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Keeping happy hour at home

Posted by Peter Post  August 26, 2010 07:00 AM

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Q. I am hosting a happy hour at my new apartment for a handful of co-workers immediately following work on a Friday. No dinner, just drinks and appetizers, and just a little get together to show off my new place and chat outside of the work environment. My questions is: Do I need to make it a point to invite spouses to this event?

M. E., Minneapolis, MN

A. If you want spouses (and please, donít forget significant others) to attend, then yes, you should make a point of letting the invitees know. You donít have to invite spouses and significant others, but I think youíll have a more vibrant, fun party if you do. Should you choose not to invite them, then, again, be sure you communicate this. Thereís nothing worse for you, for the invitee, or for the inviteeís spouse than to be the only spouse or significant other to show up at the party.

Your question implies the possibility that only some of your co-workers are being invited. If thatís the case, be sure to keep your work life separate from your personal life. Issue invitations outside of work hours and by contacting invitees at home. Donít do the inviting at the office where those not invited may notice and feel left out. For the same reason, donít talk the party up at the office.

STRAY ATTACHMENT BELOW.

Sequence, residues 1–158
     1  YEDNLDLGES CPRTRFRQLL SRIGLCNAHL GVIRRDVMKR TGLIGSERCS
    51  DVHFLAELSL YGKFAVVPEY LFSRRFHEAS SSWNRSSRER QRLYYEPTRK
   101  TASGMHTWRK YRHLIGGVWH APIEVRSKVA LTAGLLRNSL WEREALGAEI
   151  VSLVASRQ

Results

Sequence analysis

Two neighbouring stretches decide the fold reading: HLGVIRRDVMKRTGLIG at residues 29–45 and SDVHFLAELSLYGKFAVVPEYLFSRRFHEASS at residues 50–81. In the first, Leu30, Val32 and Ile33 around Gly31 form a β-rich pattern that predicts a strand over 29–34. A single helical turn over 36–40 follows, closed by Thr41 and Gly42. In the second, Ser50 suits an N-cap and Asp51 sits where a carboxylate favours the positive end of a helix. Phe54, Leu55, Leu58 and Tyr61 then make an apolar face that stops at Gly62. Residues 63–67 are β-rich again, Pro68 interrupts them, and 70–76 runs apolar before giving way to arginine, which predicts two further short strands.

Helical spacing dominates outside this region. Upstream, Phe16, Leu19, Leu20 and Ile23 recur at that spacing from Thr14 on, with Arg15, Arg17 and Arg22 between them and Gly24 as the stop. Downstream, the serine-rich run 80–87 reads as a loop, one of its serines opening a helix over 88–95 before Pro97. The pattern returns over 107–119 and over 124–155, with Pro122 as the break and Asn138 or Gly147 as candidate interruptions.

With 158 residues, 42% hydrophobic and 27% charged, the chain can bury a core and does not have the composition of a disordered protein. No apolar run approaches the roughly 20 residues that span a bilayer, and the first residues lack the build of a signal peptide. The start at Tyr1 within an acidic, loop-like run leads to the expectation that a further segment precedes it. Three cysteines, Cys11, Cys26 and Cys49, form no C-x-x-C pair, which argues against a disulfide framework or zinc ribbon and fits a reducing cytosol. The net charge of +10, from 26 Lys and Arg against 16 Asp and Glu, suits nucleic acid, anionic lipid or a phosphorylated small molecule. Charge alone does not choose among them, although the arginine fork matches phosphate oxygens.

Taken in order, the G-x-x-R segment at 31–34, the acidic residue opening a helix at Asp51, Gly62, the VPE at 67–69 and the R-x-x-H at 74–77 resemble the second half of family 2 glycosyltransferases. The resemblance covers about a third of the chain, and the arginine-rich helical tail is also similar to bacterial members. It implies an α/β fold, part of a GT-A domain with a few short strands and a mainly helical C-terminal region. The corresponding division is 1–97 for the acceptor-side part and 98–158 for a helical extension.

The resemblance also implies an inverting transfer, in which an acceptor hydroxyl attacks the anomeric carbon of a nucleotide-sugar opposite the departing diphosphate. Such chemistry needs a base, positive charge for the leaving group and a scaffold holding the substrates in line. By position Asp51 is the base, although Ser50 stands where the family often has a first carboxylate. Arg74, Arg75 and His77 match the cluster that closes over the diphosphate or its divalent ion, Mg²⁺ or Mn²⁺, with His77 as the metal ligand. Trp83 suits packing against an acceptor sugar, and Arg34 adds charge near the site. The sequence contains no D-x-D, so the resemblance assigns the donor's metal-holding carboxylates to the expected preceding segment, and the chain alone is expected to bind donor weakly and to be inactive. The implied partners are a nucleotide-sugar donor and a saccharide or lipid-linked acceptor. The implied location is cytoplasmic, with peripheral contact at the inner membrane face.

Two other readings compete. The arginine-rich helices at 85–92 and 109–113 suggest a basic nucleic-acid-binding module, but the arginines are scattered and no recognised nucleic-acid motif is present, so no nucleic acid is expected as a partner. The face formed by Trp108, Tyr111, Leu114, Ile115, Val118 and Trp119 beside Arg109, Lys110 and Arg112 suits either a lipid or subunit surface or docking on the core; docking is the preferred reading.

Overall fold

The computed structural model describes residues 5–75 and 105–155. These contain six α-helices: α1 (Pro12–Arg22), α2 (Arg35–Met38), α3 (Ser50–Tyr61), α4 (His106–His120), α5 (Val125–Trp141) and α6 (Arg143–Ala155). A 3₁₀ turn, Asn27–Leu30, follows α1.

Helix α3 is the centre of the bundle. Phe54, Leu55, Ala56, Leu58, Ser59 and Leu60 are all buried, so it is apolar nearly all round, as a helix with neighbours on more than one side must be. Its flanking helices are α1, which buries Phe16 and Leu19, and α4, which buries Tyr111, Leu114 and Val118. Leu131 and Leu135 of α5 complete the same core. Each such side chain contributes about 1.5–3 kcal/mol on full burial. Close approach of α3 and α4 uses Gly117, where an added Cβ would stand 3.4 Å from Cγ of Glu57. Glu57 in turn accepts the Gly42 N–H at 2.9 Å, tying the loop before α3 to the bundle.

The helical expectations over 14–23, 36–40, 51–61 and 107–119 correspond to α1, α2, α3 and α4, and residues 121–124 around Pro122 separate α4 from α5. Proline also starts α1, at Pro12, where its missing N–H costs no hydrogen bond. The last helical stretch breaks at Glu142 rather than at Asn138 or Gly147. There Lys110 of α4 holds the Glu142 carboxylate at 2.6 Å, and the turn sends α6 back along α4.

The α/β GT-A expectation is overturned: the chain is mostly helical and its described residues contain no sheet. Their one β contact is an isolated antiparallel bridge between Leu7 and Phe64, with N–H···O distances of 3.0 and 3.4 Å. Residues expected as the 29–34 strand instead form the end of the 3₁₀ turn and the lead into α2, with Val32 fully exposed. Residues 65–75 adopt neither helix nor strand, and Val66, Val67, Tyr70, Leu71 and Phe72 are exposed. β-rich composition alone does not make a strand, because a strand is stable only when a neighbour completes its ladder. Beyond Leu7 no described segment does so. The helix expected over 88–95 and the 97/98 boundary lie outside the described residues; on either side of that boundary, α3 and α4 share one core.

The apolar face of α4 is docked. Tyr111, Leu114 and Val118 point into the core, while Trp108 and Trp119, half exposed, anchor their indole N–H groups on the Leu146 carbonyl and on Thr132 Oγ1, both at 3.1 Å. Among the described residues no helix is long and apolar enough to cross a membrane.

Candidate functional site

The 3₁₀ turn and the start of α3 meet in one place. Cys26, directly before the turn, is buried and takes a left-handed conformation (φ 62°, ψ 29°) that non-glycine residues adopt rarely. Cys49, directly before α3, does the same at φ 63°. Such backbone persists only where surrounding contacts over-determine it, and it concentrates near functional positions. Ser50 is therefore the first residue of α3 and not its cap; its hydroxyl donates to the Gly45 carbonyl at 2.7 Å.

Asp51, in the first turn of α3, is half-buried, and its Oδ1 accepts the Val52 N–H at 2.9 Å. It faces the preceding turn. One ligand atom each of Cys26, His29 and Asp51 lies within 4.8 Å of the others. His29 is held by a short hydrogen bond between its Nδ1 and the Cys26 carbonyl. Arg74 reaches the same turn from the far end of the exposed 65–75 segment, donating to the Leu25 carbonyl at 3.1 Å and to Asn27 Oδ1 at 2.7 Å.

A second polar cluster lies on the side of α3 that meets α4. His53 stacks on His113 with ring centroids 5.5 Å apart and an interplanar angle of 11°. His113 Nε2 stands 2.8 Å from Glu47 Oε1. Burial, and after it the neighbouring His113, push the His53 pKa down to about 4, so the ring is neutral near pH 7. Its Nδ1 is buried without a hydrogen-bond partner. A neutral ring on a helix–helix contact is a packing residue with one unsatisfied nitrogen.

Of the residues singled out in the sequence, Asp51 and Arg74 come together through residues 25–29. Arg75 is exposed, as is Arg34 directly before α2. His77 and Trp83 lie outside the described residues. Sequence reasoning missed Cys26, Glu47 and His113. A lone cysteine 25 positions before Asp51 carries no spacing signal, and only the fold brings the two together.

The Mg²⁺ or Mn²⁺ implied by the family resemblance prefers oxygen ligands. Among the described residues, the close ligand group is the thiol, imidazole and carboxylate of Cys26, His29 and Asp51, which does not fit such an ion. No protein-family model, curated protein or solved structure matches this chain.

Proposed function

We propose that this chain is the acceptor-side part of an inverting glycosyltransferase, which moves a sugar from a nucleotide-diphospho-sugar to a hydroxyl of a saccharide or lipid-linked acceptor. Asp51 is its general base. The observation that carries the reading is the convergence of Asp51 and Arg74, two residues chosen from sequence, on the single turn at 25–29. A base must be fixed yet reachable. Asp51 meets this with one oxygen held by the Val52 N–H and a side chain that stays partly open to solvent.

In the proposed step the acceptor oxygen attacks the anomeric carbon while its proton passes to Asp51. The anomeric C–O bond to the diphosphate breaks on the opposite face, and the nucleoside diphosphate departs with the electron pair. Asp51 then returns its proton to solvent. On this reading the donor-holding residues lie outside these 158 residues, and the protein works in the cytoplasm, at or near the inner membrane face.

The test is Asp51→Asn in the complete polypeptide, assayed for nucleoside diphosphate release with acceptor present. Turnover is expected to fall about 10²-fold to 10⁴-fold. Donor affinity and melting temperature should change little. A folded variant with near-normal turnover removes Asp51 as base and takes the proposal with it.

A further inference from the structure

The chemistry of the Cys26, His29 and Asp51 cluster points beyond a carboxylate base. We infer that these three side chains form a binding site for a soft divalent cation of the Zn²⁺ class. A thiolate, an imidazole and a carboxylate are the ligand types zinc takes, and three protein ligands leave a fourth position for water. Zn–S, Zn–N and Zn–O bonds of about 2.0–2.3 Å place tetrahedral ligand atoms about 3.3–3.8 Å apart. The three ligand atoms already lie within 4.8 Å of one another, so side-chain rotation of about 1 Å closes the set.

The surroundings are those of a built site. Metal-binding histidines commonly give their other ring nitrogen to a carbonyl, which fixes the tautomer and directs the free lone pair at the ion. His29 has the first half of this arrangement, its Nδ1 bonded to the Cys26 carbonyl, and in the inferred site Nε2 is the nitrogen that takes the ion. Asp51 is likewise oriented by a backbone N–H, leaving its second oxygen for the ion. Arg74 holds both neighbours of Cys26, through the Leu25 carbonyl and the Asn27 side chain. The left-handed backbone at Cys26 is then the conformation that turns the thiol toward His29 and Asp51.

Here are six additional tips that can help make your evening a success:

1. Do your cleaning and party set up the night before so that your new place is party-ready when you leave home the morning of the event.

2. Plan well. Prepare as much of your food and beverages as early as you can. You donít want to be in the kitchen fixing munchies when your guests arrive or during the party.

3. Remain calm and upbeat: your mood sets the tone.

4. Make your guests feel welcome. Greet them at the door and offer drinks, including non-alcoholic options. If possible, ask one of the guests to help you refresh peopleís drinks as needed. Introduce spouses and significant others. And keep an eye out for anyone who doesnít seem to be included and make an effort to have them join in conversation and be part of the party.

5. Be appreciative. Thank your guests for attending as they prepare to leave.

6. Be watchful for any guests who might have had too much to drink. Be prepared to make sure they donít drive, and that they get home safely even if that means you have to take them home.

This blog is not written or edited by or the Boston Globe.
The author is solely responsible for the content.

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